All of that for not — eliminating sweet drinks in schools fails to reduce overall consumption
To receive federal funds for school meal programs, schools have been required since 2005 to implement local wellness policies addressing food and beverages available for sale, as part of the national agenda to lower obesity rates. School vending machines are a source of sodas and other sweetened drinks, mostly only available at the high school level, and have become a focus of efforts to reduce the sweet drinks consumed by young people, under the belief they contribute to obesity. But, to date, there's been no data on whether restricting or eliminating sodas from schools actually matters and has any significant effect on the total sweet drinks and other beverages that high schoolers consume.
During the 2004-2005 school year, Maine instituted a Vending and a la Carte Policy project which limited sodas available a la carte and in vending machines and replaced them with low-fat, low-sugar items. Four high schools volunteered to participate and three schools agreed to serve as controls and make no changes for one school year. A total of 581 students, about 16 years old and mainly Caucasian, volunteered to participate and have their diets evaluated via special age-appropriate food frequency questionnaires. Janet E. Whatley Blum, ScD, associate professor with the Department of Exercise, Health and Sport Sciences at the University of Southern Maine in Gorham, and colleagues with Maine Nutrition Network*, examined the changes in the beverages and quantities that students consumed before and one year after the Maine program was instituted. Their results were just published in the November issue of the Journal of Nutrition Education and Behavior.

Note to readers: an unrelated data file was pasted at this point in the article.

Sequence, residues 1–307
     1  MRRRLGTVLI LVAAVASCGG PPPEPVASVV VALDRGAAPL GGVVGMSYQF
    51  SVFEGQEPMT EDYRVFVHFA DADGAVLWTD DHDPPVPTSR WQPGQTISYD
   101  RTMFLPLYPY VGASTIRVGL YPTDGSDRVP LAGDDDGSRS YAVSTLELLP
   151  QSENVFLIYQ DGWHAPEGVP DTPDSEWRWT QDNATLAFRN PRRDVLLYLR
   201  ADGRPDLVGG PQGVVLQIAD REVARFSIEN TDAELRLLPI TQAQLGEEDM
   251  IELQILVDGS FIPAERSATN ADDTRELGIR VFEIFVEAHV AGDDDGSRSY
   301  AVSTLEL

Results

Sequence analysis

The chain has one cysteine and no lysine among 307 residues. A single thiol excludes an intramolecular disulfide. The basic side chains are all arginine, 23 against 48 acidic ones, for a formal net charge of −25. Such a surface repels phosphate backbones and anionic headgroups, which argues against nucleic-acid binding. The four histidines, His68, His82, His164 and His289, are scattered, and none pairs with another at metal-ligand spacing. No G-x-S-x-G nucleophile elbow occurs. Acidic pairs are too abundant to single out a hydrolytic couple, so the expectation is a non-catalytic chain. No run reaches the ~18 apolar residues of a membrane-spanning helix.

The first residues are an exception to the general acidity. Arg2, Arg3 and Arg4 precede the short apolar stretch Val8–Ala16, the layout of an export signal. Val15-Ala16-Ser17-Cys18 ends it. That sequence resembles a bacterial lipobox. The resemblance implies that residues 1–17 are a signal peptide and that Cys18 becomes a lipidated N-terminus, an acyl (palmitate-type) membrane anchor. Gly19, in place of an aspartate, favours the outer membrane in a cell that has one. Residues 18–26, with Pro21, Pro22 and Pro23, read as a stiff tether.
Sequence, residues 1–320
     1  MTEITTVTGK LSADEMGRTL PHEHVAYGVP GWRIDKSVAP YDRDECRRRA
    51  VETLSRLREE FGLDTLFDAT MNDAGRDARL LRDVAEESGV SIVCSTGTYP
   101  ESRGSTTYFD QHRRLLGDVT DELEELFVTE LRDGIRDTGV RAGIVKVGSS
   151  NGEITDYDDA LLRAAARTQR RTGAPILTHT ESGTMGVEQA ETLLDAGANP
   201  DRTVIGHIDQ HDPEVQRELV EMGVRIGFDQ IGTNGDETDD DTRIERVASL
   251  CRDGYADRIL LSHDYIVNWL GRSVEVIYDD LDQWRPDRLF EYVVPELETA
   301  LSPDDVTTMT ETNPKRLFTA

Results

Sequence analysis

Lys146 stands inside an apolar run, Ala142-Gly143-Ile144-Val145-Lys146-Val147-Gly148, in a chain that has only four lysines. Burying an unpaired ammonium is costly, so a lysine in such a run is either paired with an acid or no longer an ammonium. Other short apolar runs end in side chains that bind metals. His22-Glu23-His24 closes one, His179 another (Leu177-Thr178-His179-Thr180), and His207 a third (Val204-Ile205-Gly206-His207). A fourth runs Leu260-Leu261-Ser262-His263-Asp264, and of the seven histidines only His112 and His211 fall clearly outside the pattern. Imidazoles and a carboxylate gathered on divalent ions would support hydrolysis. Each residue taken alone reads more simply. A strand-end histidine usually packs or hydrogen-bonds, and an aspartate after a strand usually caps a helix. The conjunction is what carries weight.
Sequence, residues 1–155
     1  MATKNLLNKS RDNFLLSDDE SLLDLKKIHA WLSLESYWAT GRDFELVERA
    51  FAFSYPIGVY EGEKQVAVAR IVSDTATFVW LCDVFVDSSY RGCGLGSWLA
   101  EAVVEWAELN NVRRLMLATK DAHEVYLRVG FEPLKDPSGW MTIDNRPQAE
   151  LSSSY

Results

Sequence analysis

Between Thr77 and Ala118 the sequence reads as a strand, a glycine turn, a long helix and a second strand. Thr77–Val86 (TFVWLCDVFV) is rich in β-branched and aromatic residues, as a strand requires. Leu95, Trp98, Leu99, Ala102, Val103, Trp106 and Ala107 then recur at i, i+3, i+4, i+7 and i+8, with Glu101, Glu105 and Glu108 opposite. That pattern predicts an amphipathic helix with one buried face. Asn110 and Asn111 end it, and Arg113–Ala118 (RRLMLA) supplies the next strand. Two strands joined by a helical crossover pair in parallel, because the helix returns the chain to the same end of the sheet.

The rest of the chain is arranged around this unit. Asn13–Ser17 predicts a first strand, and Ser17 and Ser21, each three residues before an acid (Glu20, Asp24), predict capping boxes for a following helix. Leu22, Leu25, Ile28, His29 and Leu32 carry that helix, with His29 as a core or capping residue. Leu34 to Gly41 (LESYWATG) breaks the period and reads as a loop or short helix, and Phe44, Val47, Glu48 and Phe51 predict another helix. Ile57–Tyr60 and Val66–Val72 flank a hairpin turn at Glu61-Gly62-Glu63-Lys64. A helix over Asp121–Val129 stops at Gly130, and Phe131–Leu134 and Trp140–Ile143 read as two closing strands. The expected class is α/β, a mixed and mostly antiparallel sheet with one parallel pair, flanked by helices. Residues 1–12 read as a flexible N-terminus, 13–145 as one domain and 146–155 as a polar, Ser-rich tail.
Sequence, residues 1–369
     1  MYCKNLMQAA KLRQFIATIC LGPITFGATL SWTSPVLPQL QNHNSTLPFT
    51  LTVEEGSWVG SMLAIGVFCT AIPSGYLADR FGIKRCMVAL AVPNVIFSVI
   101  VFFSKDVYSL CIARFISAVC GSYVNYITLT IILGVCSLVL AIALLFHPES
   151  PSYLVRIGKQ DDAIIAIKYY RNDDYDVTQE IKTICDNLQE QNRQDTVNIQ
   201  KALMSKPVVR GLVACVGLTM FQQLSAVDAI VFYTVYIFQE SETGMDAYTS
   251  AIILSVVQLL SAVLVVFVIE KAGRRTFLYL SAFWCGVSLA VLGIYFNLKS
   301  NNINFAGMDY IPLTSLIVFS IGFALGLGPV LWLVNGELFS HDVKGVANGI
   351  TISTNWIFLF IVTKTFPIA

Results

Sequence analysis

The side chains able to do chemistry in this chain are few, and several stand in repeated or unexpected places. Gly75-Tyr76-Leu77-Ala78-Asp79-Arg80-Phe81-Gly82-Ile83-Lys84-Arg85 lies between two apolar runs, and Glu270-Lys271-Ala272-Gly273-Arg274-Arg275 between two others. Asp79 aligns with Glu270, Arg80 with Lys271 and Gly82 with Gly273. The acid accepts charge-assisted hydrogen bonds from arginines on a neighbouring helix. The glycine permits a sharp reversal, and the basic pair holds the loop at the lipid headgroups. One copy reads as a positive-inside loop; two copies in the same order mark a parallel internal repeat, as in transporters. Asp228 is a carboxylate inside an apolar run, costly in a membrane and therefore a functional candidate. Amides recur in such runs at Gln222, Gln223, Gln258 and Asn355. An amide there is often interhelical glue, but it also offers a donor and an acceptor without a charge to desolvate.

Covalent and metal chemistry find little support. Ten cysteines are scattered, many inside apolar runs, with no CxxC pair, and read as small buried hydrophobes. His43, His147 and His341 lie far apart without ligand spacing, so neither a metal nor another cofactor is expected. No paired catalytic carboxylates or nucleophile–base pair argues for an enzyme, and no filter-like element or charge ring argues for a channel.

An earlier paper published in 2005 in Preventing Chronic Disease described the project in detail. Biweekly and then monthly visits to each of the schools were made by a project team member throughout the school year to ensure and monitor the changes. The changes elicited minimal reactions in two of the schools, but the a la carte changes met resistance from faculty, staff and students in the other two schools. Among the complaints were lack of choices and smaller portion sizes for the same prices. Vending machine changes didn’t elicit adverse reactions, except in the faculty rooms. That earlier paper had promised “follow-up data will provide insight into the impact of the nutrition environmental changes on student variables.” No further reports were published, though, until three years later with this new paper.
Professor Blum and colleagues report that the program significantly reduced the sweetened beverages and diet sodas available in the intervention schools — sugar-sweetened sodas made up 44.1% of the beverages available before the program began and sodas were only 3.6% of total beverages available afterwards. Diet sodas, which had made up 1.3% of available beverages before the project, were completely eliminated. Only sports drinks were preserved for athletes due to concern by school administrators over their fluid and electrolyte needs.
The program was a success in nearly eliminating sweet drinks from the schools.